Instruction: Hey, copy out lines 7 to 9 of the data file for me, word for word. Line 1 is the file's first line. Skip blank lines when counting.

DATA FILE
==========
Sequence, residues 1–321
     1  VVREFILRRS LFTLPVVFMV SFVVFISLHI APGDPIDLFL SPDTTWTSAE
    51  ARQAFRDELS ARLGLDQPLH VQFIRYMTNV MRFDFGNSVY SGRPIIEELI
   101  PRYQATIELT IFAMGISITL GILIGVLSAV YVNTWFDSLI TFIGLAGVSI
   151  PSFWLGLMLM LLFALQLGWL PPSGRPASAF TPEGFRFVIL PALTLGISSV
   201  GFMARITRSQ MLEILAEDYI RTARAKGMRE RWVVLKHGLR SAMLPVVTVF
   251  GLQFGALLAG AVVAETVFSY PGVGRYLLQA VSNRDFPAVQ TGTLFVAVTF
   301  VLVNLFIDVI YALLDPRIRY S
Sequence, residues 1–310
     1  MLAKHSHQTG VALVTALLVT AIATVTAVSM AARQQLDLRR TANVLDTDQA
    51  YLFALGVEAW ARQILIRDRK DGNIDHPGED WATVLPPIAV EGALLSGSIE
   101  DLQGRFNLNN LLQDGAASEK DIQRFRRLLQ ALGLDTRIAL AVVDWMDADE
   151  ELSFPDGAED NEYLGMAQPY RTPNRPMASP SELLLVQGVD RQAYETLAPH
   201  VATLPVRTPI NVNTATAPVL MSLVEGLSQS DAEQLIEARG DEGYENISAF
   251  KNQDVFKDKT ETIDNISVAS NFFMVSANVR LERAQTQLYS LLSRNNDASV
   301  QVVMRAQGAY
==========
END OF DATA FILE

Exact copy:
   251  GLQFGALLAG AVVAETVFSY PGVGRYLLQA VSNRDFPAVQ TGTLFVAVTF
   301  VLVNLFIDVI YALLDPRIRY S
Sequence, residues 1–310